Chapter

Rejecting the White Man's Religion

Curtiss Paul DeYoung

in United by Faith

Published in print June 2003 | ISBN: 9780195152159
Published online October 2011 | e-ISBN: 9780199849659 | DOI: http://dx.doi.org/10.1093/acprof:oso/9780195152159.003.0007
Rejecting the White Man's Religion

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During the late 1700s, members of a Native American tribal group called the Delawares were voluntarily moved to a new “praying town.” They had to live separately from others from there tribe because of one significant difference—they were Christians. Although they were captured and sentenced to death, witnesses testified that these Christians still offered prayers and praise as they were being killed. Looking into such historical events and phenomena shows how the Christian church has greatly evolved in the United States, as it can be observed that some races were not warmly embraced by their fellow Christians. This chapter examines the viewpoints of Asian Americans, Hispanics, and the whites towards separation and segregation, and analyzes why Native Americans and African Americans were evangelized in the first place.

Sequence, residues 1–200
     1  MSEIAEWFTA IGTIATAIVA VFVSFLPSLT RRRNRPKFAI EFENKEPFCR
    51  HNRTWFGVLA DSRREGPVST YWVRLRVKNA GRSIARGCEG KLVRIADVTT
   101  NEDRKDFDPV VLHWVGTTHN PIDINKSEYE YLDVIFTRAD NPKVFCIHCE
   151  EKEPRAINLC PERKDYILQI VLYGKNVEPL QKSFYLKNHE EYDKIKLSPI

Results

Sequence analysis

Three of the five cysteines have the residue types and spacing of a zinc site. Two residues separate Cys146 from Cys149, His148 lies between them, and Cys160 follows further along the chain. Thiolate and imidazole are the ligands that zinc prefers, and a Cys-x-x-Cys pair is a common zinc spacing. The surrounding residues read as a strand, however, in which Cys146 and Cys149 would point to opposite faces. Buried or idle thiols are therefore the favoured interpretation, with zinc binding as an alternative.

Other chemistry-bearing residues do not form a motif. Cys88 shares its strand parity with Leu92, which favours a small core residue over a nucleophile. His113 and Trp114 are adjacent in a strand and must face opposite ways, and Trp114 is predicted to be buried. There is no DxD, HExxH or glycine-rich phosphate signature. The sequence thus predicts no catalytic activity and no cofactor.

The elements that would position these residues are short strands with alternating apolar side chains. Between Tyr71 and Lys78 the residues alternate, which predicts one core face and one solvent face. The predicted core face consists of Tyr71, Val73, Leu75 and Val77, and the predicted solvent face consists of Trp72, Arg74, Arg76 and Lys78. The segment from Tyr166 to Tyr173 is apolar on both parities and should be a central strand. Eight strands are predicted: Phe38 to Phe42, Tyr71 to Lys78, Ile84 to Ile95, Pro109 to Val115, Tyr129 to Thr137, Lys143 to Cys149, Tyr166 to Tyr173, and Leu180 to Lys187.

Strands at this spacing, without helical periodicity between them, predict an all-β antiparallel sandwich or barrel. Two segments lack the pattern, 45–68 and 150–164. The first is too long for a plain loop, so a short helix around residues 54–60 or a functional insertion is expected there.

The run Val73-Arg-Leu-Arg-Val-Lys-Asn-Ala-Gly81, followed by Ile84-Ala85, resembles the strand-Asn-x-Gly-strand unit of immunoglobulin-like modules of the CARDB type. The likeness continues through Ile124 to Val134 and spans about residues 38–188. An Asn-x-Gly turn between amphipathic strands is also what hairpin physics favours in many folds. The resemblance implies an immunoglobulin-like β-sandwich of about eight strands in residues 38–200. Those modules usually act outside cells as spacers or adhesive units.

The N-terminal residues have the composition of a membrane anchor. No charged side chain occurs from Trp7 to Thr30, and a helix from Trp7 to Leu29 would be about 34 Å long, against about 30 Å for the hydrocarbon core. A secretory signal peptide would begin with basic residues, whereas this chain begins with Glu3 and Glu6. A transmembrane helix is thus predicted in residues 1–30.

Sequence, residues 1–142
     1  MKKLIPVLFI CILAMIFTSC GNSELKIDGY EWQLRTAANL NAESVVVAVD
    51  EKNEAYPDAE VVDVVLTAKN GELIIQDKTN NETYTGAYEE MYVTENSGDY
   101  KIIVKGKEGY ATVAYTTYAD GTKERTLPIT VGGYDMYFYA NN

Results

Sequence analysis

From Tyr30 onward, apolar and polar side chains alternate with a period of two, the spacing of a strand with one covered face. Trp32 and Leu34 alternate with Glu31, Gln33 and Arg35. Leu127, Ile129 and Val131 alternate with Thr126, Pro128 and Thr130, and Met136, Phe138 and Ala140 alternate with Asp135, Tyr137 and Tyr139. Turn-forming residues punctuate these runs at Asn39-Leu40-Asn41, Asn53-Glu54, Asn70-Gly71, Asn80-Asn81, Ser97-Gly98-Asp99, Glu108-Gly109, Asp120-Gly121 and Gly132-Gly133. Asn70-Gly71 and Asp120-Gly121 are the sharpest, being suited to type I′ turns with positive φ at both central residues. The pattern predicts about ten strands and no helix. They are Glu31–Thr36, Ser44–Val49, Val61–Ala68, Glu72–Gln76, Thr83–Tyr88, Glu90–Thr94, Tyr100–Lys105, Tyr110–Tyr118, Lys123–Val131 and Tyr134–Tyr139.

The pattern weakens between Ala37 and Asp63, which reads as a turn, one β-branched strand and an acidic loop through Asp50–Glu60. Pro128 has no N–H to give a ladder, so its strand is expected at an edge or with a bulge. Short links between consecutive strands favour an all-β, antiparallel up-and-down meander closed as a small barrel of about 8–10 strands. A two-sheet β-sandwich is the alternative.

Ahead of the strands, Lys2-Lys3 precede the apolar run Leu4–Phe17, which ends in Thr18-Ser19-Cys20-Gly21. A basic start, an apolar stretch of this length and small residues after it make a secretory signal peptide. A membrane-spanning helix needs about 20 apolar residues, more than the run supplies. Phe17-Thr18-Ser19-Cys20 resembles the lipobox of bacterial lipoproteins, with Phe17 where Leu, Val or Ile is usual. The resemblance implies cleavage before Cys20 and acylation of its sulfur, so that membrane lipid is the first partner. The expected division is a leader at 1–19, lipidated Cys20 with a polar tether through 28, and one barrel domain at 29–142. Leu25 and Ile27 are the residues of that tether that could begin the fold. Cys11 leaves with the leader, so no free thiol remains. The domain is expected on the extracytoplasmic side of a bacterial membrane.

Keywords: Asian American; Hispanic; white; Christianity; separation; evangelization; segregation; Delawares

Chapter.  5150 words. 

Subjects: Religious Studies

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